Mercedes-Benz SL550

Mercedes-Benz SL550

Nearly 60 years after introducing its gull-winged SL, Mercedes-Benz this summer introduces the SL550, just the sixth generation of its standard-bearing sports car. Six generations over 60 years is not a lot, so an all-new model is a big, once-a-decade deal.

The big story with the new SL550 is weight loss. Even though its body is longer and wider and 20 percent more rigid than its predecessor, the roadster's extracted, thermoformed aluminum unibody gives it a curb weight that's 300 pounds lighter. That's a lot of weight to shed. Also ditched: the old 5.5-liter V8 that made 382 hp, in favor of a twin-turbocharged 4.7-liter V8 that makes 429 hp, tied to a smooth 7-speed automatic. Less weight and more power should always equal more fun, and during a June spin on some twisty Pocono backroads, we found the equation to check out once again. The SL550 handles with creak-free cohesion and a feeling of front-to-rear balance – like you're planted at the car's pivot point – that's sublime.

Though the ash and aluminum interior is cool and understated, there's a plethora of tech geekery buzzing within, such as the 600-watt Harmon/Kardon sound system, which has nearly eight-inch subs hidden in the front footwell, freeing up space on the door panels so passengers can be showered with sonics worthy of the fussiest music snob. Other nifty tech features: a "Magic Sky" sunroof that becomes opaque or transparent at the touch of a button, heating ducts hidden behind the headrests that can extend the open-air motoring season deep into Fall, and active seats with side bolsters that firm up as you enter a turn, to prevent your torso from getting tossed around. Those moving seats? Strangely addictive, though one of our passengers joked that she was losing core strength since they do the bracing for you.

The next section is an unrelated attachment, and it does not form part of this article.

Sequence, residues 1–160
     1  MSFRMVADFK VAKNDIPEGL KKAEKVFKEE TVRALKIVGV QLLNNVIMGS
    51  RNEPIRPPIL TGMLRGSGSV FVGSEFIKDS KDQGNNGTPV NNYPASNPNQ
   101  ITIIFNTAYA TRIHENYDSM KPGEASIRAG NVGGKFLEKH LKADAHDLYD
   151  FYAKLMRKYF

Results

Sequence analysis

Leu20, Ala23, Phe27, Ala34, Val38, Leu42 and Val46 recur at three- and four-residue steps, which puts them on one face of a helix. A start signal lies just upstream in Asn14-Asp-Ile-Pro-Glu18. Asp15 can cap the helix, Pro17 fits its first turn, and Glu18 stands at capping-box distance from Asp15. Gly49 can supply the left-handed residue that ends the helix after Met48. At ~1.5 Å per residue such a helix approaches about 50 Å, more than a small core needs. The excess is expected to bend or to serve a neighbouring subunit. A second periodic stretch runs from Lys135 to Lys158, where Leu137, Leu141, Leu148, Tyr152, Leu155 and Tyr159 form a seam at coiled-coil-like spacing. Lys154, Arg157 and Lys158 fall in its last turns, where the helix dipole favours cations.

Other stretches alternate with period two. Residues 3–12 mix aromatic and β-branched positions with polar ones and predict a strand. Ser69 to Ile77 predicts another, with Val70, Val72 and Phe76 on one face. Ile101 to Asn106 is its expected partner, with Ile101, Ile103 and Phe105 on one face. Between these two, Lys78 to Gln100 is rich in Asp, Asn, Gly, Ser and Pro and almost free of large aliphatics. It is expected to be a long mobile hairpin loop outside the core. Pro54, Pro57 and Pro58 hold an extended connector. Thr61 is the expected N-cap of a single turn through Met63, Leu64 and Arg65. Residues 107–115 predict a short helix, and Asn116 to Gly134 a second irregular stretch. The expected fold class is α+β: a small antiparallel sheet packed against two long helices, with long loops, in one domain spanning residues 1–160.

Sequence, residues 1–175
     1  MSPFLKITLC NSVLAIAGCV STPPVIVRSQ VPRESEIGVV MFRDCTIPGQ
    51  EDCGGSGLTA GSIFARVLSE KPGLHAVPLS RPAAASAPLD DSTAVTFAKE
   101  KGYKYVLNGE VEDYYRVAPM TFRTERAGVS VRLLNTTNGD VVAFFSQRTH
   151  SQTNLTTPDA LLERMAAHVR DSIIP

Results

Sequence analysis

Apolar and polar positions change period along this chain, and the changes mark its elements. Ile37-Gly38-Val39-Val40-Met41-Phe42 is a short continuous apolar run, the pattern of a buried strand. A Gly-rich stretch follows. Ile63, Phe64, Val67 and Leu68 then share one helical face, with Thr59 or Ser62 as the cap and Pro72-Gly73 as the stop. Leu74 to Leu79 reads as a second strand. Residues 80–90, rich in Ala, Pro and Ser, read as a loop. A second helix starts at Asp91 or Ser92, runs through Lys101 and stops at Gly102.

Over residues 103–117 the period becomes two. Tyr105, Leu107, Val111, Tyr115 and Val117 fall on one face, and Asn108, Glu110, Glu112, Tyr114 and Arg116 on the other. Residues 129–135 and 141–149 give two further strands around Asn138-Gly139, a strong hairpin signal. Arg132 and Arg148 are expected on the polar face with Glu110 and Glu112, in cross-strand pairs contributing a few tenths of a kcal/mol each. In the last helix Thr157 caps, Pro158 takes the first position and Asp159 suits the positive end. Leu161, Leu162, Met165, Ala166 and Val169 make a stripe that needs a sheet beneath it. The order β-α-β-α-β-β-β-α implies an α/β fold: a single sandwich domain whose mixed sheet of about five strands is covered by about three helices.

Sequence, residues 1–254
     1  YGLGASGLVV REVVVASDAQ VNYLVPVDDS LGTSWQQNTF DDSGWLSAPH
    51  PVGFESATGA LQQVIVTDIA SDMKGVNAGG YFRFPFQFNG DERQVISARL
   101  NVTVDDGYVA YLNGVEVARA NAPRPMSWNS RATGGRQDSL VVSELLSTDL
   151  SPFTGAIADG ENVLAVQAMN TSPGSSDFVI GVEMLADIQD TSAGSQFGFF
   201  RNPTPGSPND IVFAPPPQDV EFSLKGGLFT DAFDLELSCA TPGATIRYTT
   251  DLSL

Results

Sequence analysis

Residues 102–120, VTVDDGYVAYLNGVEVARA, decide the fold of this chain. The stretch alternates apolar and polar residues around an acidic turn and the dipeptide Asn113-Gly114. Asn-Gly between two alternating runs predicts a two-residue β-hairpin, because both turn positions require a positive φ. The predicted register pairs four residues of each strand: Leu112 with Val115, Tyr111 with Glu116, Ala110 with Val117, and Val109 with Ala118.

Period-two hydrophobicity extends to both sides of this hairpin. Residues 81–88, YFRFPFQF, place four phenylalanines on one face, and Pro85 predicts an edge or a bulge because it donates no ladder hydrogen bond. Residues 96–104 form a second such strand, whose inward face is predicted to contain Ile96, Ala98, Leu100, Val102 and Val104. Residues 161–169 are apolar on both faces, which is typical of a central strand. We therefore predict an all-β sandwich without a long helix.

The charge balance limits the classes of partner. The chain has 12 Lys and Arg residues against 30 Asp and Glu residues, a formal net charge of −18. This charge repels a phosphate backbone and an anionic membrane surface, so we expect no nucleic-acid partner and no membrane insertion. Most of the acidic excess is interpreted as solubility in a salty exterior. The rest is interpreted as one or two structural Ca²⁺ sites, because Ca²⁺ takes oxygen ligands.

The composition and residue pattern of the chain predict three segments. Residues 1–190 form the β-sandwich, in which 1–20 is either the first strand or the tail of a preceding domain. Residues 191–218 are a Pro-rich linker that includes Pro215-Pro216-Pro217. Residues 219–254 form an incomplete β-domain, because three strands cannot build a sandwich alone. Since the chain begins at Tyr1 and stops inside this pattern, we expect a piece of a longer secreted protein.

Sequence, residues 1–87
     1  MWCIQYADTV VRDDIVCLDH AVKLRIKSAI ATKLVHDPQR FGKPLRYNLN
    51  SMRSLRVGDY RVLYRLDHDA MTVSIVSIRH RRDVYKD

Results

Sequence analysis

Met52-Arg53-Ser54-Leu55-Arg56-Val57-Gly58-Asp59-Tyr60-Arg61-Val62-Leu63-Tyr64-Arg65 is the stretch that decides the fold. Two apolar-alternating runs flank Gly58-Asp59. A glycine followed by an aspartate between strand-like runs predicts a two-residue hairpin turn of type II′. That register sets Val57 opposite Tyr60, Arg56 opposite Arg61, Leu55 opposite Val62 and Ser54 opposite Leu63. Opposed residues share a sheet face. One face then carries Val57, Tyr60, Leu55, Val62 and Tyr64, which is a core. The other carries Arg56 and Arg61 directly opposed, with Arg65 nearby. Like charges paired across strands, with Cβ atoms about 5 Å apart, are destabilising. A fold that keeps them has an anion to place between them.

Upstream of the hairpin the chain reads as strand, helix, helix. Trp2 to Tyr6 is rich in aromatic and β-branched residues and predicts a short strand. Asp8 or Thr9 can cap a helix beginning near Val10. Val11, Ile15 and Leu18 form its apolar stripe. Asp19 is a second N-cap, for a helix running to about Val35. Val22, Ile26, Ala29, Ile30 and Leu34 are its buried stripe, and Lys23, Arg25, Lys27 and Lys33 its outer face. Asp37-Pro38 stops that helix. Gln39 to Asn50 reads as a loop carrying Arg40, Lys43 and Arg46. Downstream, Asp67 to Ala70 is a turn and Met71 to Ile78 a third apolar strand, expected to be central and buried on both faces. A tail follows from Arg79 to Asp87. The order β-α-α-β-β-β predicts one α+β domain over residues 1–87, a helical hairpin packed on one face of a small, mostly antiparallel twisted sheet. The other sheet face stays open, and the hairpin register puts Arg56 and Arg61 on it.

A few days into driving the SL550, we struggled to conjure up the buyer of this 100-grand-plus roadster, especially when comparing it to its similarly priced rivals. The SL550's hodgepodge design language of mismatched angles, lines, and cuts lacks the holistic presence – and lustworthiness – of the Aston Martin Vantage. And its steering lacks the directness and immediacy of Porsche's 911.

But perhaps the SL still stands alone. If you want a looker, you'd get the Aston. If you want a purer driving experience, you'd get the Porsche. But it you want a smooth but powerful, fuss-free roadster that's loaded with tech and so well-engineered and built that even at 90 miles per hour, it enables you to speak in a whisper, literally, to a companion in the passenger seat – and be heard – well, then this is your car. [From $105,500;]